Wondering how to treat anxiety? Most people are familiar with some form of anxiety as a response to a perceived danger or threat, feelings of nervousness and fear can help us to act quickly in threatening circumstances. Persistent fear and worry can be barriers to completing normal day-to-day activities and trigger an anxiety disorder, which might also include panic attacks, post-traumatic stress disorder, obsessive-compulsive disorder, and depression.
Anxiety can be paralyzing and cause extreme suffering to the person experiencing it, as well as to their family. This is often because the person doesn’t seek help because they aren’t sure what they are dealing with. Or, if they are Christians, they see their situation as spiritual failure. Surely if they trusted God more, they would not feel anxious.
Anxiety on the Rise
Anxiety disorders are on the rise, and, according to the Anxiety and Depression Association of America, are the most common mental illness in the USA, affecting 40 million adults aged 18 and older, or 18.1% of the population annually. The Association states that anxiety disorders develop from a complex set of risk factors, including genetics, brain chemistry, personality, and life events; and that, while they are highly treatable, only 36.9% of those suffering receive treatment.
Anxiety can be linked to substance abuse, as some people use alcohol or drugs to medicate themselves and relieve feelings of distress. They can effectively mask symptoms for some time, making diagnosis and treatment difficult, while actually worsening the anxiety. Substance abuse is discouraged as a coping mechanism; however, with guidance from a trained counselor, an individual can break free from its fast-tightening grip – the sooner the intervention; the better.
With this rising prevalence of anxiety and its devastating effects, the church must dispel any lingering notion that problems like anxiety are exclusively spiritual. If you are suffering from clinical anxiety, being told to “Not be anxious, but pray about everything” (paraphrased from Philippians 4:6) or that “There is no fear in love, but perfect love casts out fear…whoever fears has not been perfected in love” (1 John 4:18), can lead to shaming and potentially serve to turn one away from their faith.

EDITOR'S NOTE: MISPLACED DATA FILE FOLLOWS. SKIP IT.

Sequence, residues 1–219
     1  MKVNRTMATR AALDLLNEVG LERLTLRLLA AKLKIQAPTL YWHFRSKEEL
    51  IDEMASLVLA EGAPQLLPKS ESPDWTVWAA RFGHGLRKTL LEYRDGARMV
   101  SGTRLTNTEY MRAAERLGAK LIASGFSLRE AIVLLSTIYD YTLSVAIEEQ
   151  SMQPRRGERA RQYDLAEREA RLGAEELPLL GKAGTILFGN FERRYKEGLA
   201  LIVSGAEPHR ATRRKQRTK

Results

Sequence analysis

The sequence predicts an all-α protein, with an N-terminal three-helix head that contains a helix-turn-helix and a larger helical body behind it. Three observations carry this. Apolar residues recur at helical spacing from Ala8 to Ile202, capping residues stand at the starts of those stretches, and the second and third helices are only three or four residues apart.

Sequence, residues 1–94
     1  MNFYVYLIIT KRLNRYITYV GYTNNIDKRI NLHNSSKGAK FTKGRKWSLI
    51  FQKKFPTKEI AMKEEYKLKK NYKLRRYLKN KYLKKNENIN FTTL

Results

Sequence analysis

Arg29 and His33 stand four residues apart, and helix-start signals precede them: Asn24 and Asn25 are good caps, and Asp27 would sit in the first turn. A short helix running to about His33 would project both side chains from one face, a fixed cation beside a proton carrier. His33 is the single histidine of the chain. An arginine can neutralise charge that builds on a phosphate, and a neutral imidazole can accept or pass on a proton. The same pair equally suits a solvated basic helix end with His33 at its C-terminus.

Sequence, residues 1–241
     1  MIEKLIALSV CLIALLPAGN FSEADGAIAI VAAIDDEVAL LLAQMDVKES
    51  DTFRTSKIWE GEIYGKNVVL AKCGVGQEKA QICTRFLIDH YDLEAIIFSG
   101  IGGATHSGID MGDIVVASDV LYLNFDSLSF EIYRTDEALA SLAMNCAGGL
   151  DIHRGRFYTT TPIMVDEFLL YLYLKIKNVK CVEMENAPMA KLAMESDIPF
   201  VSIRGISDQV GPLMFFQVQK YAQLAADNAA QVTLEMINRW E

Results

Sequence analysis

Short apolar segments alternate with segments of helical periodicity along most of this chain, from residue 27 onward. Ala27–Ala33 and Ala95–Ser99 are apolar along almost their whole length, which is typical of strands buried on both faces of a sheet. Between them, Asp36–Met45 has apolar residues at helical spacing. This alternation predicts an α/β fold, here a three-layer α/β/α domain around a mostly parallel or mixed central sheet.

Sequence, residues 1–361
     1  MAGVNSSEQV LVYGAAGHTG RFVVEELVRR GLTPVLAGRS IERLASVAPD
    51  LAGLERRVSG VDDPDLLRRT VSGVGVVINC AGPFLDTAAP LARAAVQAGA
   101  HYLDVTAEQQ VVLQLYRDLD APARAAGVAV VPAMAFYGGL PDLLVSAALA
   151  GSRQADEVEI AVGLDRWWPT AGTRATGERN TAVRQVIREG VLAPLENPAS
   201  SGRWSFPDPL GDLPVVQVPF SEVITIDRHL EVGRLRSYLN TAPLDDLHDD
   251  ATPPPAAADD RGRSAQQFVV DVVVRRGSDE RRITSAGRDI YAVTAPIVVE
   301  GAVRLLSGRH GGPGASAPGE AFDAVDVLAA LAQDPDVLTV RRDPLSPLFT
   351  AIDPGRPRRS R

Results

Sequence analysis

These verses, while extremely encouraging, were not written as pronouncements on anxiety disorders. Spiritual issues may certainly be interwoven with a person’s anxiety, but to try to remedy anxiety merely with a call to greater faith is akin to praying over a broken bone without seeking medical assistance.
In the same vein, there need not be a stigma around the use of mental health medications, when prescribed by a professional and used in conjunction with effective Christian therapy. If you know of someone who is dealing with anxiety, and who feels that medication is weak or sinful, urge them to reconsider.
For many, the use of medications is a lifeline, allowing them to reach a level where they can function effectively and tackle issues in a way that wouldn’t be possible without them. Many successful treatment plans for how to treat anxiety include the combination of prescription medications and skills learned in therapy to manage symptoms of anxiety.
How to Treat Anxiety
How then, can one be relieved of anxiety or at least a significant portion of the problem? First, an examination by a physician is necessary, as some medical conditions such as a lack of Vitamin B12, can cause anxiety. A primary care doctor could also prescribe medications and may also recommend psychotherapy.
Psychotherapy involves talking with a qualified professional, or the use of Cognitive Behavioral Therapy (CBT), a successful form of treatment. CBT involves examining one’s thoughts, emotions, and behaviors in response to situations, recognizing destructive patterns, and learning new ways to think about experiences and circumstances.